In the case of T, Lord Reed stated that the disclosure of the warnings for dishonesty "bore no rational relationship to the aim of protecting the safety of children with whom, as an adult, he might come into contact".
The court unanimously held that the article 8 interferences did not meet the requirement of being "necessary in a democratic society".
Impact of the decision
The Supreme Court's decision deals with the law prior to the 2013 amendments, and as a result of the changes already introduced by government, it won't result in significant legislative change. However, with the Carlile Inquiry report into the youth justice system recommending that the filtering rules should be further extended to offences that incurred a prison sentence of six months or less for offenders under 18, it remains to be seen if further amendments will be made.
Constructive unfair dismissal: How much notice can an employee give?
When an employee resigns in circumstances where he is entitled to terminate his contract of employment by reason of the employer's conduct, this is known as a "constructive dismissal". Although the employee resigns, it is the employer's conduct which terminates (repudiates) the contract.
In many constructive dismissal cases, the employee resigns and leaves his employment immediately. Since he is, in effect, accepting a termination which has occurred as a result of the employer's action and is not himself giving notice. It is crucial therefore that, the employee does not delay in resigning. If the employee continues to report to work he is likely to be deemed to have waived the alleged breach of contract affirming the continuation of the contract.
However, section 95 of the Employment Rights Act 1996 modifies the common law position by allowing an employee to claim constructive dismissal even if notice is given. This statutory exception was added as otherwise, "a man who was considerate enough to give notice was worse off than one who left without notice".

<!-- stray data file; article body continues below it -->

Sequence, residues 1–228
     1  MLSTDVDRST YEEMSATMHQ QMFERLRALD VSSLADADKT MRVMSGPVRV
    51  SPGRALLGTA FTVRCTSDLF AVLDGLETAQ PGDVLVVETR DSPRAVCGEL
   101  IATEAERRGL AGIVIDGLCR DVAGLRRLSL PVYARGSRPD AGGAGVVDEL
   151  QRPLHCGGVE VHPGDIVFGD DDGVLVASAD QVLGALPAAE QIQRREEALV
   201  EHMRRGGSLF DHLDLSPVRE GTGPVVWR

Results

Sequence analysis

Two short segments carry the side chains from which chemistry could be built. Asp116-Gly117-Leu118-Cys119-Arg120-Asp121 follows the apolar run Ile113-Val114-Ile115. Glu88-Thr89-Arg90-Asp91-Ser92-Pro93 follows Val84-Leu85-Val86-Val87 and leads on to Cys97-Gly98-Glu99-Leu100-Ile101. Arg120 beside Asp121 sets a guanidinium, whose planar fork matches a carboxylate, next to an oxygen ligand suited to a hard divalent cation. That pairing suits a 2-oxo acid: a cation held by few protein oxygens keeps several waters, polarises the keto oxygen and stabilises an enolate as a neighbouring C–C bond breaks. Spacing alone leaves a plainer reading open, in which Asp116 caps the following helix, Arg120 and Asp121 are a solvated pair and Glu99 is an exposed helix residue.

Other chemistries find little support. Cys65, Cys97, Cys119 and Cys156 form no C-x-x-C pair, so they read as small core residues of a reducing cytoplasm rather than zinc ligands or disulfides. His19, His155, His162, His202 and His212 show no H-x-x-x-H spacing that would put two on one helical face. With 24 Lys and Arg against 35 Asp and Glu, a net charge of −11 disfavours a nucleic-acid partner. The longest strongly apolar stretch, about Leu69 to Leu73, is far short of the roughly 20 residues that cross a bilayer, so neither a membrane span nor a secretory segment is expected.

But are there limits on the length of notice an employee can give?
This is the question the Employment Appeals Tribunal (EAT) recently considered.
In the case of Cockram v Air Products plc, a highly paid senior employee raised a grievance following a dispute with his line manager. Unhappy with the grievance outcome, he sent a letter of resignation stating that he considered his employer to be in fundamental breach of contract by the handling of his grievance.
Instead of resigning immediately or in accordance with his three months contractual notice, he gave seven months' notice as "I have no other work secured to enable me to leave immediately and I need to work for a reasonable period of time".
The EAT held that where an employee gives notice in excess of contractual notice, the reason for giving the additional notice will be relevant.
On the facts of this case, the EAT found that it was clear that Mr Cockram had given seven months' notice when his contract only required three months' notice for his own financial reasons. He had therefore affirmed the contract by continuing to work for a period longer than his contractual notice.
As always, whether an employee is deemed to have affirmed the contract will be a question of fact to be determined by reference to the specific circumstances of the case.
However, employers should not assume that a disgruntled employee who elects to work beyond the notice period will always affirm the contract. In Buckland v Bournemouth University Corp, a university professor gave long notice to expire at the end of the academic year to "avoid disruption to his students' studies". In that case, the EAT suggested that the employee would not be deemed to have affirmed his contract in light of his altruistic reason for giving long notice.
It remains the case that if an employee fails to act quickly to resign (with or without notice) in response to an employer's fundamental breach, they can lose the ability to claim constructive unfair dismissal and employers will certainly seek such a conclusion from the Employment Tribunal.
A reminder from the EAT: appealing against a well-reasoned tribunal decision is unlikely to be successful
The Employment Appeal Tribunal (EAT) has reviewed the approach to be taken by Tribunals in determining employment status.